Punch — 79.1880

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PUNCH, OP THE LONDON CHARIVARI.

[October 2, 1880.

PUNCH’S FANCY PQRTRAITS.-No, 1.

“THE HARTINGTONOUR NEW MODERATOR.

‘ ‘ Highly recommended as a delightful medium for diffusing a clear
and gentle light all round, and economising the expenditure of midnight
oil.”

LATEST FROM THE EIlEET.

{Notes from Sir JB. S.'s own private Pocket-Book.)

Gravosa, Sept. 20th.—United European Fleet a-ljing at anchor.
I take supreme command to-day. Proud position! Would be
prouder, if I knew what I am expected to do, or how to do it.
We’re all safe in harbour at present, however Perhaps I ought
to inspirit the various crews by a striking theatrical coup. I ’ll
“ demonstrate.”

Have just done it. The coup didn’t come off quite. I first ordered
Band to play the different national anthems in° turn. They began
with “ Marseillaise.” German Admiral came on board, furious, to
know why I hadn’t begun with the “ Wacht am Rhein." I told him
Band shouldn’t play again, and sent ^ him back pacified. Second
part of coup was, signalling (« la . Nelson) to the other ships—
“ Europe expects every man to do his duty.” French Admiral sig-
nalled back—“ What is my duty? May I telegraph to Paris to
inquire ?” Russian and German Admirals have sent to ask what I
meant, as they use—it seems—a different code of signals. Austrian
Admiral took it for order to—“ Weigh anchor, and sail port,” while
Italian Admiral thought it was—“ Ditto, ditto, and sail starboard.”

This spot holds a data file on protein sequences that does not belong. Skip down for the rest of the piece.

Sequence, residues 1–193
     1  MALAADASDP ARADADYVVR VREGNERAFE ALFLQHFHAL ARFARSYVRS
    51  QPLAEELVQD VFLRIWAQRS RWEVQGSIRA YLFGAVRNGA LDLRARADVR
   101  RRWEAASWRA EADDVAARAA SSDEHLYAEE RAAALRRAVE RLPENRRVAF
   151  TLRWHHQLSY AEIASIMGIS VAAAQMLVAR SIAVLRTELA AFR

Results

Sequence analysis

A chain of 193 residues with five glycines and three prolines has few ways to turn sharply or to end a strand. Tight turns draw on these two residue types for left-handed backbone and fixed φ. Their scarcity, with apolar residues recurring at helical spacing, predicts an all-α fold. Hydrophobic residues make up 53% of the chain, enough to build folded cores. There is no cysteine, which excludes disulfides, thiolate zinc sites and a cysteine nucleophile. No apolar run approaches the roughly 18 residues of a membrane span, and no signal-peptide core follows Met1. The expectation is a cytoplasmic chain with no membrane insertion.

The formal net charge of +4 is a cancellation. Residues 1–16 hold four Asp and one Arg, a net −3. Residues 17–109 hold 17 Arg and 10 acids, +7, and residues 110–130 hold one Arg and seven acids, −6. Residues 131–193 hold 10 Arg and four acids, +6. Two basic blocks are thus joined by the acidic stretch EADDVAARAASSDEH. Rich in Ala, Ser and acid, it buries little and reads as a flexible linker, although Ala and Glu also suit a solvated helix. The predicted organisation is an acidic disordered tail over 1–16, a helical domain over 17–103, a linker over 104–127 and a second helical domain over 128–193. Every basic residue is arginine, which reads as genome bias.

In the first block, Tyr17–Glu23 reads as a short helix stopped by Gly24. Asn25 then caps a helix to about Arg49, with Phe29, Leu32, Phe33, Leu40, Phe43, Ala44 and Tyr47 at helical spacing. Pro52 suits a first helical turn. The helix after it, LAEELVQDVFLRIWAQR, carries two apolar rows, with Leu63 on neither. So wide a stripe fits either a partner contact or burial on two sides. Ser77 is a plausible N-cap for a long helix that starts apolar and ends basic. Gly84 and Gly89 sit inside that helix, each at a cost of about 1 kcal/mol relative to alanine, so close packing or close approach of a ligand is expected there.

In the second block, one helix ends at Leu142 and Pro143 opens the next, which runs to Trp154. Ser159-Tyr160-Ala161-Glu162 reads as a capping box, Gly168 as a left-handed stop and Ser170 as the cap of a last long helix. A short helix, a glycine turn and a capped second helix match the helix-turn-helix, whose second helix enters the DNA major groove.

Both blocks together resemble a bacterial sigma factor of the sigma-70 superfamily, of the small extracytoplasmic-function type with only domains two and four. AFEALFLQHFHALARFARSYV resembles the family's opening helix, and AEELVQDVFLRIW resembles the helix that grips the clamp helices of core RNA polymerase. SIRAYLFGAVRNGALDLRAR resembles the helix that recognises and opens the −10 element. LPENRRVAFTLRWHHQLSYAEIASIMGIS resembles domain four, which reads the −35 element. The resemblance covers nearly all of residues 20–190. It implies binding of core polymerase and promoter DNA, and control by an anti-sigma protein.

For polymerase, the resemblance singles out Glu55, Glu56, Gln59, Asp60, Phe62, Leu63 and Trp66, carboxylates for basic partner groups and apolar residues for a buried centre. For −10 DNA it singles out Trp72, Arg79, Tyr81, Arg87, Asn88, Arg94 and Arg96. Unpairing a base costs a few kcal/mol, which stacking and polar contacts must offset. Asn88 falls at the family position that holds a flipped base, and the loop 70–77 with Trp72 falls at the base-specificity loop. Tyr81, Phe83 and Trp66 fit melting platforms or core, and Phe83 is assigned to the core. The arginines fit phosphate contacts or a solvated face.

Result—Bad collision between Austrian and Italian Ironclads.

Austrian and Italian Admirals have just come on board. Both
accuse each other of causing collision intentionally. I make long
speech of very soothing character. At end, find they neither of
them understand English. Happy Thought.—Demonstrate. I do so.
Admirals much pleased. They’ve retired.

Sept. 23rd. On the way to Dulcigno.—Another dispute between
French and German Admirals. Both come on board, using what I
take to be German and French bad language. Demonstrate again.
Very violent exercise this demonstrating. Result satisfactory.

Happy Thought.—Have settled French and German dispute by

“ OH, WHAT A FALL WAS
THERE!”

Mr. Marcus Fall has written
two interesting and amusing
volumes, called London Town
(Tinsley). We do not say to
Mr. Fall what everyone knows
was said to Dr. Fell, but on the
contrary:—

We do much like you, Marcus Fall,
The reason we can’t tell at all;

But this a certainty we call,

That we do like you, Marcus Fall !

By the way, what a run there
is just now on the name Marcus
—Marcus Stone, Marcus Ward,
Marcus Fall, &c. It’s very at-
tractive, and frequent repetition
seems to suggest that it might
be improved to Re-Mark-us.

“Who Will to Cupar,” &c.

But no one will after reading
this item from the St. Andrews
Citizen:—

“ Cupar. — While the crops were
being cut down last week at Horselaw,
the reapers included the worthy ten-
ants, Mr. and Mrs. Gay, both of whom
are now upwards of eighty years of
age.”

Eighty years! A green old age
truly, and “all flesh is grass,”
but these are scarcely sufficient
reasons for the reapers when
cutting down the crops to include
this excellent couple. Poor dears!
This calls for inquiry at Cupar.

Suggestion to Sir W. Y.
Harcourt.—Site for a Hou^e of
Detention for Juvenile Offenders
—Try Birehington.

Place to Finish Oef a Gouty
Person.—Port-land.

ordering French band to play “ Wacht am Rhein," and German band
to play “ Marseillaise ” till told to stop.

Sept. 2oth. Off Dulcigno.—At last! Wretched little place : not
half as big as Herne Bay. Had greatest difficulty in getting my
happy family so far. Got ’em here now, however. Demonstrate from
the quarter-deck. Three Albanians on. shore, apparently much in-
terested. I have demanded surrender, in name of United Europe.
They reply in Albanian, so can’t make out exactly what they say,
but it sounds something like “ United Europe be blowed ! ” Riza